§ 2. Miss Emma Nicholson
To ask the Secretary of State for the Environment what assessment he has made of how planning policies can be used more effectively to meet the objectives of sustainable development.
§ The Secretary of State for the Environment (Mr. John Gummer)
We have revised our planning policy guidance so that sustainable development is at its centre.
§ Miss Nicholson
In my constituency planners are under external pressure to develop green-field sites, which is unpopular with local people. Will Government guidelines be applied fiercely to ensure that infill and derelict sites are used first, and that guidelines are strictly enforced in green-field areas?
§ Mr. Gummer
My hon. Friend is right to point out that it is often easier to develop a green-field site than to reuse previously developed land. Every effort is made to ensure that the balance is firmly in favour of the reuse of old sites and the redevelopment and regeneration of city and 982 town centres. There will be occasions when a green-field site is most appropriate, but the case for that would have to be extremely well made out.
§ Mr. Bennett
The Government's revision of planning policy guidelines 6 and 16 is welcome, but will the right hon. Gentleman consider regional guidance? Is he aware that there is still pressure on local authorities in north-west England in particular to identify green-field sites for the development of business parks and similar projects? Is not it high time that all the emphasis was placed on regenerating inner-city derelict land and that local authorities were discouraged from making planning proposals for green-field developments?
§ Mr. Gummer
I am a little worried when I am asked to put all the emphasis on particular areas. Planning should not be about insisting on a prescriptive answer in every circumstance, irrespective of the position. The hon. Gentleman may agree that there are many instances in which business parks have brought jobs to the north-west and elsewhere in the UK. A proper decision should be made in each case, but we should be clear that the bias is towards the redevelopment of old land and the regeneration of city and town centres. The hon. Gentleman has my support in putting pressure on local authorities which sometimes do not exhibit as much urgent concern as we do.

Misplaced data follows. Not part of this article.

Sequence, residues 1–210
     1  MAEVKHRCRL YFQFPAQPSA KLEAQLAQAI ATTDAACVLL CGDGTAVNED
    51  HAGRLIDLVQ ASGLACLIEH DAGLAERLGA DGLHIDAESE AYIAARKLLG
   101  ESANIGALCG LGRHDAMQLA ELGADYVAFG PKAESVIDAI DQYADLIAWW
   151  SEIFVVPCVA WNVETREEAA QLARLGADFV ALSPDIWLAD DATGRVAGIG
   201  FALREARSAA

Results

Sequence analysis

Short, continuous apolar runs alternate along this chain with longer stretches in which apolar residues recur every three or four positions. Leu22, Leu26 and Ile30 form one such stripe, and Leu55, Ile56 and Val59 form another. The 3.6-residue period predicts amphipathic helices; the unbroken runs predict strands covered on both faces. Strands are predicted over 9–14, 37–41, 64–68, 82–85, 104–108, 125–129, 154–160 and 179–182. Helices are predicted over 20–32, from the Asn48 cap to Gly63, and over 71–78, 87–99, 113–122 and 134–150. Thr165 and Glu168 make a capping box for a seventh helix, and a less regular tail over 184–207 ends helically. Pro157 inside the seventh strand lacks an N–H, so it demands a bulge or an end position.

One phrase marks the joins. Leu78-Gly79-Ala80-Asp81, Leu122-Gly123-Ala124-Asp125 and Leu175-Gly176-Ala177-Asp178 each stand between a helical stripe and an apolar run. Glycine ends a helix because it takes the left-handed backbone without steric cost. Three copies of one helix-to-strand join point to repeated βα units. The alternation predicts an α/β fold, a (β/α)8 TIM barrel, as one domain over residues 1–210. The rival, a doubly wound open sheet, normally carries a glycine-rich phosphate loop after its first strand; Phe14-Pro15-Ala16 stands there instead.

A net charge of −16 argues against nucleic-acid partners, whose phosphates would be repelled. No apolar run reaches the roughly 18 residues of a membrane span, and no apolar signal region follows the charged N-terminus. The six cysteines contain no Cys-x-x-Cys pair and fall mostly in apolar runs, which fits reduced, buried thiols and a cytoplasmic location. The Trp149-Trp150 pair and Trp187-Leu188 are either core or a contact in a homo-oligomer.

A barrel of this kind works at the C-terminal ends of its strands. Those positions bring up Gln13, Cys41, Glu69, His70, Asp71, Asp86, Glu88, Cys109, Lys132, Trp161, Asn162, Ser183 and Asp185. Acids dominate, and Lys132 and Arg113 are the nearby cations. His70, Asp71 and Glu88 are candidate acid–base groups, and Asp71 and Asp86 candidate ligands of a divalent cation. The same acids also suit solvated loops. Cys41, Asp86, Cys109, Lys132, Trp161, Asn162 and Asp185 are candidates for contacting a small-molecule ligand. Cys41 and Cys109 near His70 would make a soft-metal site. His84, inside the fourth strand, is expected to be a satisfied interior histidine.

§ Sir Kenneth Carlisle
Does my right hon. Friend accept that those of us who represent city constituencies are very concerned that their centre should retain their vitality, and that we very much welcome the change of emphasis-to restore them? Will he ensure that the policy that he has proposed is carried through to effective action?
§ Mr. Gummer
There is no doubt that there is a very good example of partnership in the city of Lincoln between the private and the public sector. That is the way forward for regeneration generally. We are putting into place the planning environment to help that. I wish that some local authorities, which still prefer to provide car parking as a means of raising money rather than invigorating the town centre, would take up the challenge, because car parking is much better provided by private enterprise—it tends to be rather less smelly apart from anything else.